Clashes at capital Sanaa airport between Yemeni police and Shia Houthi fighters have left three dead, in a rare confrontation since the rebels overran the capital in September.
Two policemen and a civilian were killed in the clashes that erupted overnight between police and armed men based at the airport, since the northern rebels seized the capital unopposed.
The firefight caused a brief interruption of air traffic, a security official said on Tuesday.
It followed a strike by airport staff who demanded the withdrawal of the fighters from the airport.
Complaints have recently been made by Western embassies that rebels stationed at the airport have opened their diplomatic mail, violating international conventions, sources at Yemen’s Foreign Ministry said.
The armed group have also been insisting on boarding planes for inspection, aviation sources said, causing several airlines to delay resuming flights to Sanaa that were suspended on September 19 for security reasons.
The rebels remain the main force in Sanaa.
New cabinet rejected
A UN-brokered agreement reached in September stipulated that the Houthi rebels, also known as Ansarullah, would withdraw from Sanaa once a new prime minister is named.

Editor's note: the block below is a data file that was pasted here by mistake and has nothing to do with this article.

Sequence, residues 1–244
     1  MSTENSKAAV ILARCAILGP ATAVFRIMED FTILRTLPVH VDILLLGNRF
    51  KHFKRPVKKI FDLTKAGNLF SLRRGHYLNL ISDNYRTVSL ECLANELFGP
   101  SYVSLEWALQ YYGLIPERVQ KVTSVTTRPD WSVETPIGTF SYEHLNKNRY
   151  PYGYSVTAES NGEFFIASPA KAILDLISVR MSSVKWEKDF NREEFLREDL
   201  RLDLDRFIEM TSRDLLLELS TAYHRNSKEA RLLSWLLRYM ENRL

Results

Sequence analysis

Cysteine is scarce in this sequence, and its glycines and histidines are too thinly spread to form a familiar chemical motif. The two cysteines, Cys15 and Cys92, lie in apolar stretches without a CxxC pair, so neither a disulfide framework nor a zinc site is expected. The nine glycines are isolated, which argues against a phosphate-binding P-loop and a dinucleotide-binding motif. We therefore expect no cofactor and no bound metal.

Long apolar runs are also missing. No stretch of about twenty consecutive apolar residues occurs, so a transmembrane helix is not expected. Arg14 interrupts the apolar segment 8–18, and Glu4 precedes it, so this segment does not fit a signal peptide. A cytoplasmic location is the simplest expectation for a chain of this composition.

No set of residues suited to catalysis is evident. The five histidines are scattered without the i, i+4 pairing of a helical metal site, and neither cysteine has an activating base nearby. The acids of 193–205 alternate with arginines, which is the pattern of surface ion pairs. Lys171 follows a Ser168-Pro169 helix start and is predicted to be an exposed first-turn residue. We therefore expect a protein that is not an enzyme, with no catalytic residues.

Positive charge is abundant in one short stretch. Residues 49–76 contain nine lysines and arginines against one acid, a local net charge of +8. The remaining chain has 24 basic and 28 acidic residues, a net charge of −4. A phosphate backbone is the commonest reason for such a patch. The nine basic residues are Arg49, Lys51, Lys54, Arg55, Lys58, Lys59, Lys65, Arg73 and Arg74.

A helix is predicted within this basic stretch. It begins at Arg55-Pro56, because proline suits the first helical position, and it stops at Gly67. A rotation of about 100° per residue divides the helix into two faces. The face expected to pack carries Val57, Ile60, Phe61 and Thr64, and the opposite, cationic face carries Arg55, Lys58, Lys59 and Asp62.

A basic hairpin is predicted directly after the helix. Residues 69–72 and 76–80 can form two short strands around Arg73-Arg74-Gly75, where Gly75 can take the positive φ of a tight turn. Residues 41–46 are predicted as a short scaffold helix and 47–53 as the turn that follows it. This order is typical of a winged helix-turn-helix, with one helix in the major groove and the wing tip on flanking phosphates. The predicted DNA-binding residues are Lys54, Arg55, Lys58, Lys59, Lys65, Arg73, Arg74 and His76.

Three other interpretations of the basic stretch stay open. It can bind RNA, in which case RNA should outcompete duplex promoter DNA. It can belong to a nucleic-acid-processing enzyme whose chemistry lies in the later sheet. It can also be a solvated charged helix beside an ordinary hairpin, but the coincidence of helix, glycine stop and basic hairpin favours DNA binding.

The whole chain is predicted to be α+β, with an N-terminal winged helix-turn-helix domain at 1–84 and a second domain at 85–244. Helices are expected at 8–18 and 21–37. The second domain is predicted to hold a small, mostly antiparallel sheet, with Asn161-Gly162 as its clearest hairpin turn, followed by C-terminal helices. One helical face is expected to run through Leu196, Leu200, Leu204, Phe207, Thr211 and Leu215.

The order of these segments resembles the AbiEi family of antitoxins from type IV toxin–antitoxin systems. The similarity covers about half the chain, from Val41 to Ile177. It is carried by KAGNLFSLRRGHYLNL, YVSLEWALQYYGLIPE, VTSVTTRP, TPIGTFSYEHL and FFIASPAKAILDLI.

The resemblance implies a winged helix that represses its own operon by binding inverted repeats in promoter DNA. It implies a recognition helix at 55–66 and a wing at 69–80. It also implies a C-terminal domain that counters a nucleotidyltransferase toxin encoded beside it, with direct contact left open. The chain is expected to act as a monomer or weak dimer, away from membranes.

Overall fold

But they have rejected a new cabinet formed on Friday, insisting on a reshuffle that would keep out officials that they accuse of corruption.
Since they overran the capital, the Houthis have expanded their control to coastal areas and regions south of the capital, where their fighters have met fierce resistance from various Sunni tribes and al-Qaeda.
On Monday, at least 30 people were killed in the southern province of Bayda following clashes between Houthis and tribesmen, who were reportedly backed by al-Qaeda.
Khaled Bahhah was sworn into office as prime minister along with his cabinet on Sunday, but the Houthis have refused to withdraw from the city, highlighting the challenge he faces in uniting the fractious country.
The Houthis have criticised the new government as “disappointing”, saying that some new cabinet names did not comply with agreements.
The statement also rejected a UN Security Council decision that ordered sanctions on former President Ali Abdullah Saleh and two members of the Houthi group, saying the resolution was a blatant intervention in Yemen’s internal affairs.
The turmoil has raised fears the Arabian Peninsula nation, which neighbours oil-rich Saudi Arabia and lies on the key shipping route from the Suez Canal to the Gulf, may become a failed state.